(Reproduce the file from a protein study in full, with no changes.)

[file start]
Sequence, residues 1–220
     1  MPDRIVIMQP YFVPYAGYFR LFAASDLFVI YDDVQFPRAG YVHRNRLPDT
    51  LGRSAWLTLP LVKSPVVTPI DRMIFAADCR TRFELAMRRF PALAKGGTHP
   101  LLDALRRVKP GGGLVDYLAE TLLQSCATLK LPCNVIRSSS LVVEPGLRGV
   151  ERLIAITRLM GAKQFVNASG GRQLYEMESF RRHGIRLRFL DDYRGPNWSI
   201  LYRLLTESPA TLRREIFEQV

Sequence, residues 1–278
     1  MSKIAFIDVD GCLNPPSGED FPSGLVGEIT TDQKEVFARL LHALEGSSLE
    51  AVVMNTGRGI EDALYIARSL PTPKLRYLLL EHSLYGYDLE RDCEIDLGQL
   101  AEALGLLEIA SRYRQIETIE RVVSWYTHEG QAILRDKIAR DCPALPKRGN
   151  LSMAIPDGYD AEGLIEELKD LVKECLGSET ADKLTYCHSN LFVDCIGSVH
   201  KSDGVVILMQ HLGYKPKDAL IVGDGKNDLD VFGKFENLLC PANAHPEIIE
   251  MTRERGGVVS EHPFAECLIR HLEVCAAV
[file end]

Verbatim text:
Sequence, residues 1–220
     1  MPDRIVIMQP YFVPYAGYFR LFAASDLFVI YDDVQFPRAG YVHRNRLPDT
    51  LGRSAWLTLP LVKSPVVTPI DRMIFAADCR TRFELAMRRF PALAKGGTHP
   101  LLDALRRVKP GGGLVDYLAE TLLQSCATLK LPCNVIRSSS LVVEPGLRGV
   151  ERLIAITRLM GAKQFVNASG GRQLYEMESF RRHGIRLRFL DDYRGPNWSI
   201  LYRLLTESPA TLRREIFEQV

Sequence, residues 1–278
     1  MSKIAFIDVD GCLNPPSGED FPSGLVGEIT TDQKEVFARL LHALEGSSLE
    51  AVVMNTGRGI EDALYIARSL PTPKLRYLLL EHSLYGYDLE RDCEIDLGQL
   101  AEALGLLEIA SRYRQIETIE RVVSWYTHEG QAILRDKIAR DCPALPKRGN
   151  LSMAIPDGYD AEGLIEELKD LVKECLGSET ADKLTYCHSN LFVDCIGSVH
   201  KSDGVVILMQ HLGYKPKDAL IVGDGKNDLD VFGKFENLLC PANAHPEIIE
   251  MTRERGGVVS EHPFAECLIR HLEVCAAV